New ground being broken in Georgia on embryo adoptions

From the Christian Examiner:

ATLANTA — The nation’s first law governing the adoption of embryos is set to take effect in Georgia after being passed by the legislature and signed by the governor.

The “Option of Adoption Act,” which will go into effect July 1, will provide safeguards for both parties involved in an embryo adoption, which is a unique form of adoption in which a couple — often an infertile one — adopts one or more surplus embryos from a couple who has undergone in-vitro fertilization (IVF).

Embryo adoption allows the adopting mother to experience pregnancy and has been promoted by pro-lifers for years but, until now, has not been governed by the laws of any state. Significantly, the Georgia bill amends Georgia’s adoption laws to make clear that embryo adoption in fact is a form of adoption. The law also allows adoptive parents to file in court for a final order of adoption (for the child who is born as the result of the embryo adoption), which supporters of the new law say clarifies that the adopting parents are eligible for claiming some but not all of their expenses for the federal adoption tax credit, which this year is more than $11,000.

Although embryo adoption tends to be cheaper than traditional adoption it nevertheless can still cost several thousands of dollars.

Couples who undergo an embryo adoption in a state without such a law as Georgia’s must sign private legal contracts that treat the embryo as property. The new Georgia law defines an embryo as “an individualized fertilized ovum of the human species from the single-cell stage to eight-week development.”

The law has the support of the nation’s embryo adoption programs, including Nightlight Christian Adoptions, which runs the nation’s oldest embryo adoption program — the Snowflakes program.

“Science has outpaced our legislation in clarifying the rights of the parties in potential disputes involving embryo transfer between families,” Ron Stoddart, executive director of Nightlight Christian Adoptions, previously told Baptist Press. “There needs to be certainty, particularly before an embryo is thawed and implanted in the womb of an adopting mother.”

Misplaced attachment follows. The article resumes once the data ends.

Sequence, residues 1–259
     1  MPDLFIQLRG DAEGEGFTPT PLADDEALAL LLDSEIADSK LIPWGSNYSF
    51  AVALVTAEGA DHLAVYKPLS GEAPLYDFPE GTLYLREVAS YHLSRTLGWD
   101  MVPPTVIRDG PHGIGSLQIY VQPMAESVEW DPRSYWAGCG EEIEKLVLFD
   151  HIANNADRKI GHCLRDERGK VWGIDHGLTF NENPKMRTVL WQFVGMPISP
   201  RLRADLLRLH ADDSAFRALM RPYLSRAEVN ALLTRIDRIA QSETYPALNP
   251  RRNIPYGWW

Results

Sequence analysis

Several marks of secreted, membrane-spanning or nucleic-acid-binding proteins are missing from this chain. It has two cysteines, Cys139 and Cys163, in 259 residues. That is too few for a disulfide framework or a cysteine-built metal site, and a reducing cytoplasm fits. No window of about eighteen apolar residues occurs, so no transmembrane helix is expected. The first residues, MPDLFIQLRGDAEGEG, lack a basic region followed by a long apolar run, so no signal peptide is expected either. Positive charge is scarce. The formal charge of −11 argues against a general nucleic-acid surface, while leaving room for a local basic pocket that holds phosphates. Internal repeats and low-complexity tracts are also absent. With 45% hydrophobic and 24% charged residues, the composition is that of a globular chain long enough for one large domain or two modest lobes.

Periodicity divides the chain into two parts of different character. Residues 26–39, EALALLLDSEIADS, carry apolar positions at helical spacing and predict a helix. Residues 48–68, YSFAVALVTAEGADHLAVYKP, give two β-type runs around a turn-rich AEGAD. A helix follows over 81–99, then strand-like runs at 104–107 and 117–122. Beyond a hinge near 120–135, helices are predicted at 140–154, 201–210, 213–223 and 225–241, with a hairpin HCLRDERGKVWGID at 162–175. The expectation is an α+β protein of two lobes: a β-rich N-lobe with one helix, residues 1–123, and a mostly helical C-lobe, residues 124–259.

HT: Zach Nielsen

Great testimony by Kathy Ireland

Kathy Ireland, who rose to fame in the 1980s as a model and was even on the cover of Sports Illustrated’s swimsuit issue, has gone on to become a successful businesswoman and author. More importantly, though, is that she became a believer in Jesus Christ and has turned her life over to him.

In a recent interview with former Arkansas governor and presidential candidate Mike Huckabee on his Fox News show she explained her growth as a Christian and how she changed from being pro choice to pro life. In all, a very thoughtful testimony.

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HT: Justin Taylor

Bella and why you should see it

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Earlier, I had posted about the movie Juno and its life-affirming message. Well, there is another movie, just out on video, that is just out on DVD that I would strongly encourage because of its clear pro-life message.

Bella is the love story of a soccer star and a waitress whose lives become entertwined through her pregnancy. It is a small movie that opened and didn’t get as much notice as Juno probably because its pro-life message is more overt. In fact, among the reviews that I saw, most gave it an unfavorable rating simply for the fact that it was unashamedly pro-life.

But for those who can look past their own biases, there is a beautiful movie here. This review (second down), from Colin Covert of the Minneapolis Star Tribune:

There’s not much more happening here than two people getting to know each other as we come to understand them both, yet that’s a story we never tire of, so long as it’s told well. And here, it is. Writer/director Alejandro Gomez Monteverde’s film is utterly touching and captivating, wisely humanist in refusing to cast even the most unpleasant characters as cardboard villains. A loving testament to the beauty of family, “Bella” won the People’s Choice Award at last year’s Toronto Film Festival. Rarely are crowd-pleasers so effortlessly artful.

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